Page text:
Have you ever reached for a vegetable in the grocery store and stopped to ask yourself, where did this come from? How was it processed? How long has it been on the shelf? At Elderberry Edibles, those questions don’t come up.
Elderberry Edibles, owned by husband and wife Aaron Cameron and Jennifer Vallier, is an organic homestead garden market that grows and sells a variety of vegetables, plants and edible flowers.
Thursdays and Fridays are their typical harvest days, and the crops are sold Saturday mornings at 1700 N. Wentworth Road, off East Tanque Verde Road.
The garden market is also a CSA — or Community Supported Agriculture program. That means people can invest in the operation for 13 weeks at a time, while collecting the share of produce they paid for, week by week.
“They get to know us — the people who are growing their food,” said 42-year-old Vallier. “They can come and check on the operation to make sure the food is being grown with the integrity that we say it’s being grown with, and they can get to know the land from which their food is coming.”
Four years ago, Cameron and Vallier inherited the garden after their friends who were living on the land moved on. The landowner was interested in having an alternative structure on his property so he asked them to take over.
“It was kind of thrown at us. The intention was to grow food, but we weren’t necessarily going to try to go commercial with it at all,” Vallier said. “It just sort of evolved into a Saturday market.”
Elderberry Edibles is signed up with a World Wide Opportunities on Organic Farms program that connects it with volunteers who can live on the farm and help out. That program brought Cameron to Tucson, where he met Vallier, who grew up in Green Bay, Wis.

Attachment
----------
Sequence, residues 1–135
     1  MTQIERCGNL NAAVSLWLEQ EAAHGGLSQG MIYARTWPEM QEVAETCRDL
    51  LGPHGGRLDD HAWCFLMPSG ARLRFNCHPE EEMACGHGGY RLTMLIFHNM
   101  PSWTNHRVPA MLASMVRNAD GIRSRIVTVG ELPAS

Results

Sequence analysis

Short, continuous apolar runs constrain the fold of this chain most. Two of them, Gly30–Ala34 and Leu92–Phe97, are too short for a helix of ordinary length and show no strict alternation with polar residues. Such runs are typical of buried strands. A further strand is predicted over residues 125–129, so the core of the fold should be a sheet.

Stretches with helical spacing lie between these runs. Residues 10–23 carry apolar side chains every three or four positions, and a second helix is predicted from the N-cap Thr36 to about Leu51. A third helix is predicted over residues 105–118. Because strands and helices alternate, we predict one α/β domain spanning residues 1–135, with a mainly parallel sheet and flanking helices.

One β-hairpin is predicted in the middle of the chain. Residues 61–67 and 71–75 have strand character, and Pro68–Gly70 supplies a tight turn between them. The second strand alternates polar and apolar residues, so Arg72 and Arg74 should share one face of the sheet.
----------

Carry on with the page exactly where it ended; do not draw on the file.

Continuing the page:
It was through mutual friends, though, not the World Wide Opportunities program, that they found the one volunteer who lives on the farm, Dalziel Dominguez. Up to four other volunteers help out on Tuesdays and Thursdays.
The total property is 32 acres, but just one acre is designated for actual gardening. They also have chickens, which are for eggs only, and two beehives.
Cameron, 31, became interested in the organic movement after leaving college. He grew up in Little Falls, Minn.
“We’re doing this for the benefit of ourselves, and of the Earth, while also making sure that the tasks we perform are ideally centered around healing and a more healthy interaction with the plants,” he said.
Mimicking nature is the example that they follow, and they can’t imagine doing it any other way, Vallier said.
“I would love to see us really becoming a hub for teaching people about this way of growing food,” she said. “It would be great to create a model for other gardens to pop up throughout the city and help people learn to connect with the land.”
Dominguez, 30, said he has been moving toward a sustainable lifestyle for a while.
“I knew what was going on here and it involved learning how to feed yourself and interacting more directly with the land while living a sustainable lifestyle, and that’s what attracted me here,” he said.
You can sign up for a weekly newsletter on the market’s website, www.elderberryedibles.com, to get information on things such as what crops are available right now.
The website also includes a wish list of items they hope people might donate, such as watering cans, gardening tools and sprinklers.
In coming weeks at the market you’ll be able to buy arugula, kale, cilantro, spinach, squash and broccoli leaves, among other things.
“It’s all hand-done. We take care of it and we don’t use pesticides,” Dalziel said. “They put out the best stuff that they have. It’s quality food.”